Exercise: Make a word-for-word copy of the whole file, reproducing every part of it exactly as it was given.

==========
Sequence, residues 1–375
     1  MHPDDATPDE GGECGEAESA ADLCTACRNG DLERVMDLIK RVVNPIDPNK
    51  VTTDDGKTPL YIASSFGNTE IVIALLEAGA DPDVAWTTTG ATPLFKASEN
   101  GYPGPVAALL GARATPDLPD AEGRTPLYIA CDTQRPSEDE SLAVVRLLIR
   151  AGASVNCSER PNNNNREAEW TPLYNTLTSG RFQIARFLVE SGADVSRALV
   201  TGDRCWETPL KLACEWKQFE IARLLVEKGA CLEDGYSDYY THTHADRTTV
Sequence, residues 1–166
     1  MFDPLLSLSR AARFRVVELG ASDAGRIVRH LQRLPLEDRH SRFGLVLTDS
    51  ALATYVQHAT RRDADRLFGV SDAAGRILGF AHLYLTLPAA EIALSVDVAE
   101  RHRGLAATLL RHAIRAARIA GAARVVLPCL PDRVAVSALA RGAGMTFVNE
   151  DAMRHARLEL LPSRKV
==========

Sequence, residues 1–375
     1  MHPDDATPDE GGECGEAESA ADLCTACRNG DLERVMDLIK RVVNPIDPNK
    51  VTTDDGKTPL YIASSFGNTE IVIALLEAGA DPDVAWTTTG ATPLFKASEN
   101  GYPGPVAALL GARATPDLPD AEGRTPLYIA CDTQRPSEDE SLAVVRLLIR
   151  AGASVNCSER PNNNNREAEW TPLYNTLTSG RFQIARFLVE SGADVSRALV
   201  TGDRCWETPL KLACEWKQFE IARLLVEKGA CLEDGYSDYY THTHADRTTV
Sequence, residues 1–166
     1  MFDPLLSLSR AARFRVVELG ASDAGRIVRH LQRLPLEDRH SRFGLVLTDS
    51  ALATYVQHAT RRDADRLFGV SDAAGRILGF AHLYLTLPAA EIALSVDVAE
   101  RHRGLAATLL RHAIRAARIA GAARVVLPCL PDRVAVSALA RGAGMTFVNE
   151  DAMRHARLEL LPSRKV